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Science & Research:
Attachment Theory


Author: Laine Lipsky, Masters in Teaching, Certified Parent Educator


Attachment Theory


Building healthy relationships is a big part of our job as parents and it’s fundamental to the work I do. I use Attachment Theory (not to be confused with “Attachment Parenting”) to help ground what I teach parents, especially when they want their homes to be healthier and more positive than the ones in which they were raised.

What Is Attachment Theory?

Attachment is “the deep, abiding confidence a baby has in the availability and responsiveness of the caregiver.” – Alan Sroufe, PhD, University of Minnesota Institute for Child Development


Attachment Theory explains how the parent-child relationship is established, emerges, and influences the child’s short- and long-term development.


Note: Attachment Theory is not to be confused with “Attachment Parenting” which promotes a list of specific behaviors to create healthy attachment. There are many ways to create healthy/secure attachment with your child; not just one set of behaviors. In fact, I’ve seen people practicing Attachment Parenting who are not at all attuned to their own children.

Why Is Attachment Theory Important?

Children need to feel that they are physically and emotionally safe with their primary caregiver(s) in order to grow into well-adjusted people. Attachment Theory states that the quality of the early attachment reverberates well into later childhood, adolescence, and adulthood.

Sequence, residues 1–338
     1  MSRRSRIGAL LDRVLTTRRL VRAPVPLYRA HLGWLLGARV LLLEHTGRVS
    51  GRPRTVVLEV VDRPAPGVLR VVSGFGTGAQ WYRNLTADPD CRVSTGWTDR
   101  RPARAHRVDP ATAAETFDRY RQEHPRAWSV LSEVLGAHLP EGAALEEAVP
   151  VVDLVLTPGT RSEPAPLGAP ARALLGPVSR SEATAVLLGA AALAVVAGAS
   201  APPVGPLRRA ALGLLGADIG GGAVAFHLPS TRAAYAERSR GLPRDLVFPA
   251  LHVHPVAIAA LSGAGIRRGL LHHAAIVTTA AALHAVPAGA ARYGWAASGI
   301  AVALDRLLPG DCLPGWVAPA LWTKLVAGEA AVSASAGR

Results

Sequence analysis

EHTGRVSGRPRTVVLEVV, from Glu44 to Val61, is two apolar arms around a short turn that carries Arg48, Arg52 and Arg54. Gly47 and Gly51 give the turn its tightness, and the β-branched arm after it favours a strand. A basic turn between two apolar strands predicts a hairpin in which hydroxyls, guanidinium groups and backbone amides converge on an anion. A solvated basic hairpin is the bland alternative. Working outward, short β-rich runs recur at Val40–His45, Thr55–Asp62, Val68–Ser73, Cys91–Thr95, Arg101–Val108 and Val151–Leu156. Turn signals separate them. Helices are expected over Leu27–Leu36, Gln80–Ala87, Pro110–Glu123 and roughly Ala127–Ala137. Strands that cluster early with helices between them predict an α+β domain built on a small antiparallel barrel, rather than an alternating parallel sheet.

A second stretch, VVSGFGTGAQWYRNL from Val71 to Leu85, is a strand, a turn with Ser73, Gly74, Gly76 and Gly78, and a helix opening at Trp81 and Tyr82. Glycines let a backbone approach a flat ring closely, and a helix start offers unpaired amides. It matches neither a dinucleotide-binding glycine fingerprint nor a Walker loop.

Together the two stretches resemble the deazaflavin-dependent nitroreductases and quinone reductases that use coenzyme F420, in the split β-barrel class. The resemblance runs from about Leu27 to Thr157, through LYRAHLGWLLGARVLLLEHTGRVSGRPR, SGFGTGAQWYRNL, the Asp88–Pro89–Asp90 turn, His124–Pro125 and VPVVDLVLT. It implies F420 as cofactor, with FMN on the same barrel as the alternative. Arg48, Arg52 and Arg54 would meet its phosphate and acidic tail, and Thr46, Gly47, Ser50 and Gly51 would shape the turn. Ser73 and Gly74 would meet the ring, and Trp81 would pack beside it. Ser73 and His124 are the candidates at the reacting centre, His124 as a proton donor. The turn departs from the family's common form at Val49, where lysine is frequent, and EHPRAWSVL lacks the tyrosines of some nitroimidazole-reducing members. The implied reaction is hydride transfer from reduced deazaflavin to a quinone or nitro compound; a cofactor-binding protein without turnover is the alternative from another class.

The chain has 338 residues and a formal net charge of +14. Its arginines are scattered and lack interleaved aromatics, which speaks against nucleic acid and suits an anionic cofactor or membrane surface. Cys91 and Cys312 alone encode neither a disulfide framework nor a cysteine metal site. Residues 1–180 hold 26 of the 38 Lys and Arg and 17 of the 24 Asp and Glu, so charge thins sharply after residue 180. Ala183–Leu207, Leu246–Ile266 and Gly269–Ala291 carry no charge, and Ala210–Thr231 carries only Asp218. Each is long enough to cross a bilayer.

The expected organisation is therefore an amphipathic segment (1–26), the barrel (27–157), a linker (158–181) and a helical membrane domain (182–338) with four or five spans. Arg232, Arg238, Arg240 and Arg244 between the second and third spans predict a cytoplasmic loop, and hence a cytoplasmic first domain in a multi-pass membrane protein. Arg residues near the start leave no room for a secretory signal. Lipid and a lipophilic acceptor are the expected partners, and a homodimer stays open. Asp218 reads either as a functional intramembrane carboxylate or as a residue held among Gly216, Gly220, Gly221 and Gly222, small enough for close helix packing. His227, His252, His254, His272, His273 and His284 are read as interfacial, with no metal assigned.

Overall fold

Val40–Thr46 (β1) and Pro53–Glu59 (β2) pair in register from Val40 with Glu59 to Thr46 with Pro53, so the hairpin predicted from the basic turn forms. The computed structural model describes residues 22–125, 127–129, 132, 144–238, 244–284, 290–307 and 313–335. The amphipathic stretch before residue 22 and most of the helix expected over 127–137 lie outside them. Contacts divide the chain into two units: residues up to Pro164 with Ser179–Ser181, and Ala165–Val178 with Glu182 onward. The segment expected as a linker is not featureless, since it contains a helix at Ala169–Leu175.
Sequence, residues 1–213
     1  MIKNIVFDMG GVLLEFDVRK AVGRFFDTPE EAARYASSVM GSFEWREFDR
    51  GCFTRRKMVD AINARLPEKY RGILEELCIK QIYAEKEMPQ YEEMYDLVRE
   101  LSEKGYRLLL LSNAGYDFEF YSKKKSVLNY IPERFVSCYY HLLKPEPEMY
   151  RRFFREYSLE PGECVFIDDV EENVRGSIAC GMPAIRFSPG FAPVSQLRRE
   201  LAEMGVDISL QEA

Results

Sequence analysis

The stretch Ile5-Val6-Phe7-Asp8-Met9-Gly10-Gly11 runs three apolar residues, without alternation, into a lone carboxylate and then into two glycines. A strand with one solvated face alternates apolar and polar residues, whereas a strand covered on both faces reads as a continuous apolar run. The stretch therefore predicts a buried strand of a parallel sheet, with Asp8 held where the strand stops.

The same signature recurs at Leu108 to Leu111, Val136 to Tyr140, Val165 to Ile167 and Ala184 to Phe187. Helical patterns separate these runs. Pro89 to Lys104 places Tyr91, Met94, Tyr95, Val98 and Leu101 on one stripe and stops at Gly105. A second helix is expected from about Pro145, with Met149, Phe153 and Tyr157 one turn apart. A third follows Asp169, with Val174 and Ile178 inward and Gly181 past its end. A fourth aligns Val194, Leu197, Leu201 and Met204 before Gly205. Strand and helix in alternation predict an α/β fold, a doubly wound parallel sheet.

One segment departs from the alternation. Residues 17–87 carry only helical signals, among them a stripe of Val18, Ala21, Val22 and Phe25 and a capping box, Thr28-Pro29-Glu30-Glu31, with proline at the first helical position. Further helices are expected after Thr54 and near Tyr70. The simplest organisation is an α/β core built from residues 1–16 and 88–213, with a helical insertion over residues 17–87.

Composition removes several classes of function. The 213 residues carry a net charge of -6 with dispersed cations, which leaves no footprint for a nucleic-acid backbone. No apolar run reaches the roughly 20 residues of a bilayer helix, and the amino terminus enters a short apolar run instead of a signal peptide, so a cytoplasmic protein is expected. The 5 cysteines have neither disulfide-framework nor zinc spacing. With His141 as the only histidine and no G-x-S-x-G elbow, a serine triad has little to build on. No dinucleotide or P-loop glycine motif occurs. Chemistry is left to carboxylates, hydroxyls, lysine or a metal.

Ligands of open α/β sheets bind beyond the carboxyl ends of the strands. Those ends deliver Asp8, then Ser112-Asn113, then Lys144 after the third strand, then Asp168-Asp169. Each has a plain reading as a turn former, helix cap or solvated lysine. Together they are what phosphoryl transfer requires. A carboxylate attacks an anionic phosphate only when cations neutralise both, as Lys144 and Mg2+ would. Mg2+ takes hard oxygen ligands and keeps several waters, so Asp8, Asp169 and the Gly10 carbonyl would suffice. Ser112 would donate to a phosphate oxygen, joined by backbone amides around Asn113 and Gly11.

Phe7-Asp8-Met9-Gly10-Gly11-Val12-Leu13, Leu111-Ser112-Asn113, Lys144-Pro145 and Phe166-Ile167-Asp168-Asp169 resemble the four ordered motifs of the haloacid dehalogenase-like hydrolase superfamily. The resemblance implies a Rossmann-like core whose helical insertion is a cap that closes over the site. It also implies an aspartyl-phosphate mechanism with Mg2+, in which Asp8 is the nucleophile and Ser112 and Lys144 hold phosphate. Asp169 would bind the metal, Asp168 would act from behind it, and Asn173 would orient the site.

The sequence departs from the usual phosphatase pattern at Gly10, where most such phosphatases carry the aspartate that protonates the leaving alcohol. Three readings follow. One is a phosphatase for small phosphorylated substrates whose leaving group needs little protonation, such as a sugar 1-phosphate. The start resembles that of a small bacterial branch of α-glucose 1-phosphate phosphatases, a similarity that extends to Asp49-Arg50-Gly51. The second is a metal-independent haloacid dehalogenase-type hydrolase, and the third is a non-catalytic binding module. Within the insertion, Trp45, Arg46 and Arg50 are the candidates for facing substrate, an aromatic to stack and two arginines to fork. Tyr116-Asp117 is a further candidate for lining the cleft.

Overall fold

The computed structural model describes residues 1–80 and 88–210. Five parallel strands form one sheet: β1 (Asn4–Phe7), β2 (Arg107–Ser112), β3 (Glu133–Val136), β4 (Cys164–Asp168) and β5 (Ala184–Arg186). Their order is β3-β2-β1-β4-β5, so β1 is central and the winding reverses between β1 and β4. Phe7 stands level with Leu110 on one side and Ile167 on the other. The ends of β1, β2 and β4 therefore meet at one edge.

A 35-year long study showed that children with a secure attachment history were more likely to develop:

  • A greater sense of self-agency

  • Better emotional regulation

  • Higher self-esteem

  • Better coping under stress

  • Closer friendships in middle childhood

  • Better coordination of friendships and social groups in adolescence

  • More trusting and positive romantic relationships in adulthood

  • Greater social competence

  • More leadership qualities

  • Happier and better relationships with parents and siblings

Source: Minnesota Longitudinal Study of Risk and Adaptation, Institute of Child Development | MLSRA 35-Year Study

Who Are The Leading Experts?

​Attachment theory has evolved from work by numerous researchers, primarily John Bowlby and Mary Ainsworth, and later Mary Main.

(Ainsworth, 1982; Ainsworth, 1985; Ainsworth, Blehar, Waters, & Wall, 1978; Bowlby, 1969/1982; Bowlby, 1973; Bowlby, 1980; Main, Kaplan, & Cassidy, 1985)

What Research Proves Attachment Theory?

Ample research studies show that a child’s first primary attachment has short- and long-term effects on their relationships. Further, a child’s early attachment style informs the way she/he/they behave in their future relationships and can dictate their health and longevity. Having a healthy attachment style is established in early childhood and is essential to healthy adult relationships.


Here are a few published studies to review:

Important Attachment Theory Findings

  • The style of a child’s first attachment creates the blueprint for their future relationships.

  • The precursors of emotional disorders can be found in early attachment experiences

  • Children's attachment patterns are substantially influenced by those of their parents.

  • Poor childhood attachment relates to adult physical and psychological ill-health.

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